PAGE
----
The emergence of distributed renewable power generation capacity across the urban landscape presents a new challenge to power utilities. Micro-generation creates transient pools of capacity that must find available load to consume it. The traditional grid infrastructure is to lossy, to complicated, to focused on centralized generation, in a word, it's inadequate.
Micro capacity is best consumed as close as possible to where it's generated. What if utilities could send the load to the capacity instead of distributing the capacity on a grid? In a few years, cities will be filled with roving autonomous electric vehicles periodically looking for the cheapest recharge opportunity. We propose to harness this mobile "load" to dynamically match localized capacity by predicting micro-capacity and guiding (via price incentives) recharge seeking vehicles to the optimal charging station.
Historical weather and generation data was used to train a predictive model to provide predicted local capacity based on current weather conditions. Weather and available charge station (parking spaces are used as a stand-in) are retrieved from CityIQ. Additional environmental input is dynamically detected through a Predix Edge device. We built a micro-service that, on demand, retrieves the weather (temperature) and charge station availability, runs the trained models and accumulates a map of predicted capacity. The application displays this visually, and responds to requests from roving vehicles with charging opportunities in a given timeframe.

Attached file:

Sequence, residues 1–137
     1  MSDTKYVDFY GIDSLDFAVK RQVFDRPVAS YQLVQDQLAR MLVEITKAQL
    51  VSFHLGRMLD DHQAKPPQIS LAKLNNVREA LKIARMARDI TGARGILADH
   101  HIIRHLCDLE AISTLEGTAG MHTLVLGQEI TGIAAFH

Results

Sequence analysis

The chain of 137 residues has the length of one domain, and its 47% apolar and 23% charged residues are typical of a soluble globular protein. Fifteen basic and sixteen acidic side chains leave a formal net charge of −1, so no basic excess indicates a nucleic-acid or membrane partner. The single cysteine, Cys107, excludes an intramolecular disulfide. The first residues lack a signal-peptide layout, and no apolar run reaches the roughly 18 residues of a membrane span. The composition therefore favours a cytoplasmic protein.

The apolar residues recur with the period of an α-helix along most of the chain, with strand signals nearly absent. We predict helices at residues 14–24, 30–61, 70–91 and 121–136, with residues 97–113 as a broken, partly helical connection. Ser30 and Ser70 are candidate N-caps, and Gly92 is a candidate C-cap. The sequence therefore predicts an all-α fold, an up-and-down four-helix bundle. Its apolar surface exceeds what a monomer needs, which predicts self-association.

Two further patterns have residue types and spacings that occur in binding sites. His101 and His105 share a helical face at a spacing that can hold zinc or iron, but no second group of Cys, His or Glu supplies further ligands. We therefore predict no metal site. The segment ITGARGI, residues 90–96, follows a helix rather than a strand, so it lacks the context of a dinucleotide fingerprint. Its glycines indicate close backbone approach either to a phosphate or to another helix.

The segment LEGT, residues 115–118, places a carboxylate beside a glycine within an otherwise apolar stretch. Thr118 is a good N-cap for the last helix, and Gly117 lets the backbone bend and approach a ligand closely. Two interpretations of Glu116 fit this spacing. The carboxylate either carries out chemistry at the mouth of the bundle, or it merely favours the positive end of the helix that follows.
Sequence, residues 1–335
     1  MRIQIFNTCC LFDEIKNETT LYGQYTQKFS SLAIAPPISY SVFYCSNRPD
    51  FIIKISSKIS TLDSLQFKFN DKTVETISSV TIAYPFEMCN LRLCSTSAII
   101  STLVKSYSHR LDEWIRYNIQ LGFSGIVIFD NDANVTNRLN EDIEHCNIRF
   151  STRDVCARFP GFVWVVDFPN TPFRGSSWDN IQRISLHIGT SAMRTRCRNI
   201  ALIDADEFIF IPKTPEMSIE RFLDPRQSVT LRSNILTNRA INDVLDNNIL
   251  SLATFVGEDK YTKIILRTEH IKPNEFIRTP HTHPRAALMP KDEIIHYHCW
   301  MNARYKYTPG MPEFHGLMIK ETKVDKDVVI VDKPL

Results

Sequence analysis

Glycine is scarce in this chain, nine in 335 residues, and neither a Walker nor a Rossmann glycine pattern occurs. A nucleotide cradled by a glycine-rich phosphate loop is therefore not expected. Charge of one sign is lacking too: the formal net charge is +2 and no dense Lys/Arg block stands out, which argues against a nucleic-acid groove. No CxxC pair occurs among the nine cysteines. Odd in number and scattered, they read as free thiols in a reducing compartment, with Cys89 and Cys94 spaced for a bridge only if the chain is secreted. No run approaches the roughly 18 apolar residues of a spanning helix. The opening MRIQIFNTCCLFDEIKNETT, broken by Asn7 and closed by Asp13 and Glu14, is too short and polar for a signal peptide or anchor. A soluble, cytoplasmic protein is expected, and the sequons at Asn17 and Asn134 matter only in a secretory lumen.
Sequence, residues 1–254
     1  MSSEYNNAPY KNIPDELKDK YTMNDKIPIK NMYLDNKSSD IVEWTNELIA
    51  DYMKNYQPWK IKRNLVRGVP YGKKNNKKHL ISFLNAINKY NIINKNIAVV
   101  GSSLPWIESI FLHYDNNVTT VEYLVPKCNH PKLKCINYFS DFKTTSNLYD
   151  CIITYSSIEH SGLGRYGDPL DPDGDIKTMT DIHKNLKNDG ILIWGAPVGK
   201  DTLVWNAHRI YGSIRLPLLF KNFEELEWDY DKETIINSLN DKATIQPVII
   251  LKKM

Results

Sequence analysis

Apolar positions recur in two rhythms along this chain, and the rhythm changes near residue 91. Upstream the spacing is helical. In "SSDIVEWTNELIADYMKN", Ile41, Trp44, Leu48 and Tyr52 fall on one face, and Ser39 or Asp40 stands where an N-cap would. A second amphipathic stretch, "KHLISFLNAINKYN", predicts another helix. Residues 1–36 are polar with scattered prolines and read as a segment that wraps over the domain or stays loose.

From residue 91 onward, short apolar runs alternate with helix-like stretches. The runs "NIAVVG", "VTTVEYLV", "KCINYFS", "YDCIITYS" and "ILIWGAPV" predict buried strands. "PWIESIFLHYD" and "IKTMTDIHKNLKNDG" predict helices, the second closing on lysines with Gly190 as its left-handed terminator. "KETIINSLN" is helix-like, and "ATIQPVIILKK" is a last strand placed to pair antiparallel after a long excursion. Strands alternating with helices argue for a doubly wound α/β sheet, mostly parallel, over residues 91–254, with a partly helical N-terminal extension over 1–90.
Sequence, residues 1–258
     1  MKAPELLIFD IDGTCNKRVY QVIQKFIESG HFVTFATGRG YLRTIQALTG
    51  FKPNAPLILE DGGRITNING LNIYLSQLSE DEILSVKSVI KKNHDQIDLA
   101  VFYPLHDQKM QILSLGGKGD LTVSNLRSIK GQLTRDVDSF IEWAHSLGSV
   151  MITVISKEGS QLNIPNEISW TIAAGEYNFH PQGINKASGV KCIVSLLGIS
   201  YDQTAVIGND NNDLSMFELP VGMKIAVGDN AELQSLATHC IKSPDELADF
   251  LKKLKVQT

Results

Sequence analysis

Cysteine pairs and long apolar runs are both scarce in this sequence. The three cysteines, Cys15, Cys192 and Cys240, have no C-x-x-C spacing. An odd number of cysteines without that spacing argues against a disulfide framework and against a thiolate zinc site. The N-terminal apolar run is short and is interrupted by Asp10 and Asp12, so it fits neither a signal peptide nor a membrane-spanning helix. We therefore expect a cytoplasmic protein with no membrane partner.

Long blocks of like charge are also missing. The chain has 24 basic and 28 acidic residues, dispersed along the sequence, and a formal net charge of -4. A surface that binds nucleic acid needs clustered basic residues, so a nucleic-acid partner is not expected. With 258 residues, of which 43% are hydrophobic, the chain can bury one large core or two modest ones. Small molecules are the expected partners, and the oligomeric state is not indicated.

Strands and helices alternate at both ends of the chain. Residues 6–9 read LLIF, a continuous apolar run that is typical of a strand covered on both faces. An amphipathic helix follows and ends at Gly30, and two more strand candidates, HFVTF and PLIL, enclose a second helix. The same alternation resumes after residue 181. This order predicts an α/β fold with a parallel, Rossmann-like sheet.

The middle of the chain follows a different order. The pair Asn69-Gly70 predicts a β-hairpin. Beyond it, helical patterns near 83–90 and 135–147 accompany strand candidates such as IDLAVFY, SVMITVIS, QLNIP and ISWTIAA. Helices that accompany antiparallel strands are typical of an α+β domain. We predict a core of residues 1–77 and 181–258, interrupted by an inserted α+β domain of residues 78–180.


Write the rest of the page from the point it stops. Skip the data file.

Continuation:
Challenges: CityIQ is limited in its weather condition reporting and doesn't currently monitor charging infrastructure. Integration with ESRI geospatial services was harder than expected.
Accomplishments: we pulled together a diverse set of resources to create trained models and working services in almost real time.
What's next: we'd like to add a geospatial hierarchical aspect (keep zooming out until enough matchable load and capacity are found) and add additional prediction factors.